The University of New Mexico stopped accepting provisional Army tuition payments for its students last month after the service fell behind on paying its bills to the university.
Students there who were using Army scholarships were told by the university to pay out of pocket or drop out. The Army had eight outstanding invoices but has since paid all those bills after a Military.com inquiry. A spokesperson with the university did not return a request for comment.
It's the most recent example in nearly three years of issues with Army IgnitED, the service's tuition assistance program. But the Army now says the platform is being improved and the bugs that have put students and schools in a bind are starting to disappear. About 250 of beneficiaries who paid out of pocket since 2021 have yet to be reimbursed by the Army.
The program has been plagued with technical glitches stretching back to 2021 when the online service launched as a successor to GoArmyEd. Soldiers and other beneficiaries could not use their benefits, schools were not getting paid, and some beneficiaries were either putting their education on hold or paying out of pocket, sparking outrage across the rank and file and raising concerns in Congress.
Education benefits are a critical recruiting and retention tool in the force. Those entitlements are becoming even more relevant as noncommissioned officers are increasingly expected to have an extended civilian education. Roughly 100,000 beneficiaries use Army IgnitED each year, and it provides up to $250 per semester hour, with the benefits maxing out at $4,000 for the fiscal year.
Despite the problems, service officials hope the worst days are behind them -- when it comes to processing tuition payments -- after a system upgrade in August 2022.
The service claims Army IgnitED is now running relatively well, ahead of where it was in 2021, and is expected to be fully operational by the end of the year.
"We understand that over the last few years students across the Army have faced hardship and frustration while trying to get courses paid for," Col. Julia Bell, who oversees the Army's education programs, told Military.com in an interview. "We are committed to ensuring this upgraded Army IgnitED system provides the resources they need to facilitate their education."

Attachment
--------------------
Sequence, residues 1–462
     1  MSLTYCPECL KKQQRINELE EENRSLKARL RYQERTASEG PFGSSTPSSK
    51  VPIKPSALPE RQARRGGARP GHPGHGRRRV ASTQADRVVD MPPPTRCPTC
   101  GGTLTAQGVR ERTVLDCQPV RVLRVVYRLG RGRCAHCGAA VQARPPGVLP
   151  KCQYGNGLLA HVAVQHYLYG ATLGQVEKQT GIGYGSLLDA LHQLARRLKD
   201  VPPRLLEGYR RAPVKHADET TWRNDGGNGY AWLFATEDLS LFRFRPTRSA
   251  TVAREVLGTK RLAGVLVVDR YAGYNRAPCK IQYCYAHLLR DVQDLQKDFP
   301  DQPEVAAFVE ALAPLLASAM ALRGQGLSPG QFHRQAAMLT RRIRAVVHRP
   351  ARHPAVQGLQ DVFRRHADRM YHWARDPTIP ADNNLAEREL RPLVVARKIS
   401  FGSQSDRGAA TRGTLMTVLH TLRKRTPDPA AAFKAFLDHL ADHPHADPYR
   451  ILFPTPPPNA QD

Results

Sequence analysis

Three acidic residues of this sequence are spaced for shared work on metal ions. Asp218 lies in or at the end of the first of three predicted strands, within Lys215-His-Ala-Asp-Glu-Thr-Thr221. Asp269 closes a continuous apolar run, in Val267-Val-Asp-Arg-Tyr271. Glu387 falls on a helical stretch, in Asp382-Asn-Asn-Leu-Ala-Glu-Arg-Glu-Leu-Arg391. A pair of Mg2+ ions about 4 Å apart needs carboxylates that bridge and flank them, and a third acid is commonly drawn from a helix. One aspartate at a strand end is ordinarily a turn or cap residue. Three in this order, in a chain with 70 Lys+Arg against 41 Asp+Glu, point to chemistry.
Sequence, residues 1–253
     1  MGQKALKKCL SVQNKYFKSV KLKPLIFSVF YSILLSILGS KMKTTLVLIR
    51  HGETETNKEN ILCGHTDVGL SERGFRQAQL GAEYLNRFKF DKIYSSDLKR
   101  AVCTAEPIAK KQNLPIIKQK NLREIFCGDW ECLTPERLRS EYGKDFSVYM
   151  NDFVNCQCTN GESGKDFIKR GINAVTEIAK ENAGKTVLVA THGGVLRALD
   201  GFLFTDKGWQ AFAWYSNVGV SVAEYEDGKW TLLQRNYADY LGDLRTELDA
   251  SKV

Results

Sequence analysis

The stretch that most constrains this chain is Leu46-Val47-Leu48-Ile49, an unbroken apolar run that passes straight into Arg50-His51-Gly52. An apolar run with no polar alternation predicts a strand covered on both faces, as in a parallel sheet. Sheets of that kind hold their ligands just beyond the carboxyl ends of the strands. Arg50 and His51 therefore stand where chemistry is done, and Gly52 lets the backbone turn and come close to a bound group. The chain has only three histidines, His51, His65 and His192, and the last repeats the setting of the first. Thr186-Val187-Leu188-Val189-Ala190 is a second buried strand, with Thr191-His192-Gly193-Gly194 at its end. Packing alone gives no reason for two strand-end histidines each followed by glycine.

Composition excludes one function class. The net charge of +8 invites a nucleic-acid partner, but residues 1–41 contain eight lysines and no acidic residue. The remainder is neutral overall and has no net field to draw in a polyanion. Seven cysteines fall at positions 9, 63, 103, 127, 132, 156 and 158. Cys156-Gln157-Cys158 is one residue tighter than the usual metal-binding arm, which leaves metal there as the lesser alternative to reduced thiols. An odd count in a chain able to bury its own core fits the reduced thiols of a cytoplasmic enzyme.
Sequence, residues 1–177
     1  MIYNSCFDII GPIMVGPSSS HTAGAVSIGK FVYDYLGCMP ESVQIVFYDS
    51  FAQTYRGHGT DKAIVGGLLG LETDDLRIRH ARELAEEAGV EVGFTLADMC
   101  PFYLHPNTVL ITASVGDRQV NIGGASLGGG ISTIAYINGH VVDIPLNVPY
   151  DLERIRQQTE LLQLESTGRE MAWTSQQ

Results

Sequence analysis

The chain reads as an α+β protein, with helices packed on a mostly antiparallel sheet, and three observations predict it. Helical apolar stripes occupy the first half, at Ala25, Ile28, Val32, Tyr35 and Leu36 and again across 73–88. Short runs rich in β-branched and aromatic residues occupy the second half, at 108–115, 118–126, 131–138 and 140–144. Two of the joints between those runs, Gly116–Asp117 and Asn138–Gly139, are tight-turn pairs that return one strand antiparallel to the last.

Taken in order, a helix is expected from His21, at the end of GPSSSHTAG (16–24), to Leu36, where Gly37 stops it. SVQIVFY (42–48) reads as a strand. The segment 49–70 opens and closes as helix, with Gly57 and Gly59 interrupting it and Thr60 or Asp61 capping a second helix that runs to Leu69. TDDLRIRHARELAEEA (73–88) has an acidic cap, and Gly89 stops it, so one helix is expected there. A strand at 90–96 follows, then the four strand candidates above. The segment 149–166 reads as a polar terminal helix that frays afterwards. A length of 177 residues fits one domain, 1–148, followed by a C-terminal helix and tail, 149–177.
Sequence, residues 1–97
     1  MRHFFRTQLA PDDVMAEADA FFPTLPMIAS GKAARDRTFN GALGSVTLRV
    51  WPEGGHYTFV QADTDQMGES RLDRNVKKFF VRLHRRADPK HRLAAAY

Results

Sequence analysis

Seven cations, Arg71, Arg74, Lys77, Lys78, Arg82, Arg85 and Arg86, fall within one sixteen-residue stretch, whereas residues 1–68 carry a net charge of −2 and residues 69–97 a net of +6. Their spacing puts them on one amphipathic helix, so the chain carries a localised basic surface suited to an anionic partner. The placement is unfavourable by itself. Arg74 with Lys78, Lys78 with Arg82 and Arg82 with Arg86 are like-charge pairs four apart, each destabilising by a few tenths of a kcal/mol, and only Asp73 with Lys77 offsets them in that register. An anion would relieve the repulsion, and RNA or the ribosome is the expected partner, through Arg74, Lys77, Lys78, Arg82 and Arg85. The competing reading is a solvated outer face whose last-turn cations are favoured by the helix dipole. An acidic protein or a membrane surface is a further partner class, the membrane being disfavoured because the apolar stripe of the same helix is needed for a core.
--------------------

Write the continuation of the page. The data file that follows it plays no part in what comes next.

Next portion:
The Army has reimbursed 533 of the 784 beneficiaries who were forced to pay out of pocket since the program began, according to service data provided to Military.com.
Officials hope to have all of those cases closed out by the end of the year. In total, there have been some 23,000 outstanding invoices since 2021, many of which were delayed payments to schools due to the glitchy platform.
Of that, the Army still has roughly 6,500 to process.The cause of delay is that those payments all have to be done manually.
In March 2021, the service launched the Army IgnitED platform for soldiers and other beneficiaries to use their education benefits. It was run by professional services company Deloitte.
But the program's launch was a disaster, and it was almost immediately shut down temporarily. The Army ceased most new tuition payments, effectively shutting soldiers out of a key benefit of their service. The problems resulted from the transfer of data from the previous platform, GoArmyEd, and a premature launch of the new platform.
Deloitte's government contract running the platform expired, and the Army opted not to extend it. Deloitte is known to take on other complicated Pentagon projects, including a $106 million contract to build an artificial intelligence hub for the Defense Department. After the bungled launch of Army IgnitED, the service took its business to BAM Technologies.
Improvements have come with the Army IgnitED's update last year and the Army's adoption of some of the internal mechanics behind the Air Force's online tuition platform.
"We did adopt a lot of Air Force [ideas] to enhance Army IgnitED," Keith Baylor, product lead for Army IgnitED, told Military.com. "So, instead of wasting valuable time, we got something that can hit the ground running."
Since the update, 80,000 soldiers have enrolled in more than 220,000 classes, all with relatively few hiccups, according to Bell. One new upgrade, the General Fund Enterprise Business System, has slowly phased in processing payments for 18 schools and was able to process $25 million in payments in less than a month. Army planners expect to have that new internal payment mechanism fully in place by the end of July.
"As someone who graduated college using tuition assistance, I understand the importance of this benefit, and ensuring the program functions as promised is something I will own," Sergeant Major of the Army Michael Grinston, the service's top enlisted leader, said in a statement to Military.com. "We've seen a significant improvement in the functionality of the IgnitED system, with the overwhelming majority of soldiers experiencing no issues at all.
"As we work to clear the backlog of invoices, I'll continue to ask soldiers to not pay out of pocket for covered education expenses," he said. "Keep your chain of command informed of issues and work directly with your local education center to resolve them as quickly as possible."
-- Steve Beynon can be reached at Steve.Beynon@military.com. Follow him on Twitter @StevenBeynon.